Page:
Meeting places and social capital supporting rural landscape stewardship: A Pan-European horizon scanning

Per Angelstam, Mariia Fedoriak, Fatima Cruz, Jose Muñoz-Rojas, Taras Yamelynets, Michael Manton, Carla Leanne Washbourne, Denis Dobrynin, Zita Izakovicova, Nicklas Jansson, Bogdan Jaroszewicz, Robert Kanka, Marika Kavtarishvili, Leena Kopperoinen, Marius Lazdinis, Jean-Marc Metzger, Deniz Özut, Dori Pavloska Gjorgieska, Frans Sijtsma, Natalie StryametsAhmet Tolunay, Turkay Turkoglu, Bert van der Moolen, Asiya Zagidullina, Anna Zhuk

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Achieving sustainable development as an inclusive societal process in rural landscapes, and sustainability in terms of functional green infrastructures for biodiversity conservation and ecosystem services, are wicked challenges. Competing claims from various sectors call for evidence-based adaptive collaborative governance. Leveraging such approaches requires maintenance of several forms of social interactions and capitals. Focusing on Pan-European regions with different environmental histories and cultures, we estimate the state and trends of two groups of factors underpinning rural landscape stewardship, namely, (1) traditional rural landscape and novel face-to-face as well as virtual fora for social interaction, and (2) bonding, bridging, and linking forms of social capital. We applied horizon scanning to 16 local landscapes located in 18 countries, representing Pan-European social-ecological and cultural gradients. The resulting narratives, and rapid appraisal knowledge, were used to estimate portfolios of different fora for social interactions and forms of social capital supporting landscape stewardship. The portfolios of fora for social interactions were linked to societal cultures across the European continent: “self-expression and secular-rational values” in the northwest, “Catholic” in the south, and “survival and traditional authority values” in the East. This was explained by the role of traditional secular and religious local meeting places. Virtual internet-based fora were most widespread. Bonding social capitals were the strongest across the case study landscapes, and linking social capitals were the weakest. This applied to all three groups of fora. Pan-European social-ecological contexts can be divided into distinct clusters with respect to the portfolios of different fora supporting landscape stewardship, which draw mostly on bonding and bridging forms of social capital. This emphasizes the need for regionally and culturally adapted approaches to landscape stewardship, which are underpinned by evidence-based knowledge about how to sustain green infrastructures based on both forest naturalness and cultural landscape values. Sharing knowledge from comparative studies can strengthen linking social capital.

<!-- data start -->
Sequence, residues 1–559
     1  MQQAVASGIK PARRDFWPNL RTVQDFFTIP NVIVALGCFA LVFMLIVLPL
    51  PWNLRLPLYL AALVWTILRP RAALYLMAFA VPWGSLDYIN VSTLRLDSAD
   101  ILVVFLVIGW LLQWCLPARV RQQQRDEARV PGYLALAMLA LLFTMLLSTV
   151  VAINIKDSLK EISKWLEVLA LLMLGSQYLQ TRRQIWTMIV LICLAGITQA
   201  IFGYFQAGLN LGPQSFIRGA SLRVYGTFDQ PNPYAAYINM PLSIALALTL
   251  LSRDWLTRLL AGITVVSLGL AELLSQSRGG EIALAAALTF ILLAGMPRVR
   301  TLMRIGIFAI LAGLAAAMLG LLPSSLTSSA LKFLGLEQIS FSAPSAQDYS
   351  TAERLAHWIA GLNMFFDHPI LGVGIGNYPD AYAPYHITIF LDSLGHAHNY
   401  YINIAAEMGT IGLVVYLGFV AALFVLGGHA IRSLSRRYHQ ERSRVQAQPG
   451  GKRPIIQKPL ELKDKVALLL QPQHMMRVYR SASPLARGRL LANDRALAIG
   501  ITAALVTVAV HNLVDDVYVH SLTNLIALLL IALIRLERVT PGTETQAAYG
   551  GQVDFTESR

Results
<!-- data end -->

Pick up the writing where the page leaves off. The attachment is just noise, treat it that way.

Original languageEnglish
Number of pages86
JournalEcology and Society
Issue number1
Publication statusPublished - 2021


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